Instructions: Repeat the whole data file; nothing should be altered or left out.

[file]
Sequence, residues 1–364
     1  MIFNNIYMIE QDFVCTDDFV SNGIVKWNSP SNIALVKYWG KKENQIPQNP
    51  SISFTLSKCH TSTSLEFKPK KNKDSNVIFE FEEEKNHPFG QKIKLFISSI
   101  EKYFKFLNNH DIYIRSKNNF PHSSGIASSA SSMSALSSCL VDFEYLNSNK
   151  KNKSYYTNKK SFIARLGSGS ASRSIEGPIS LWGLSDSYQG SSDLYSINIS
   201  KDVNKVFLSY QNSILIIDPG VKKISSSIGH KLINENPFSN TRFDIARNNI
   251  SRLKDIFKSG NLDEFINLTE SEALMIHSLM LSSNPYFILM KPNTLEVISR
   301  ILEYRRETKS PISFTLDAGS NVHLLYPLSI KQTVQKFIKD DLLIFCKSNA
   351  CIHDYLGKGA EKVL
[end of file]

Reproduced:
Sequence, residues 1–364
     1  MIFNNIYMIE QDFVCTDDFV SNGIVKWNSP SNIALVKYWG KKENQIPQNP
    51  SISFTLSKCH TSTSLEFKPK KNKDSNVIFE FEEEKNHPFG QKIKLFISSI
   101  EKYFKFLNNH DIYIRSKNNF PHSSGIASSA SSMSALSSCL VDFEYLNSNK
   151  KNKSYYTNKK SFIARLGSGS ASRSIEGPIS LWGLSDSYQG SSDLYSINIS
   201  KDVNKVFLSY QNSILIIDPG VKKISSSIGH KLINENPFSN TRFDIARNNI
   251  SRLKDIFKSG NLDEFINLTE SEALMIHSLM LSSNPYFILM KPNTLEVISR
   301  ILEYRRETKS PISFTLDAGS NVHLLYPLSI KQTVQKFIKD DLLIFCKSNA
   351  CIHDYLGKGA EKVL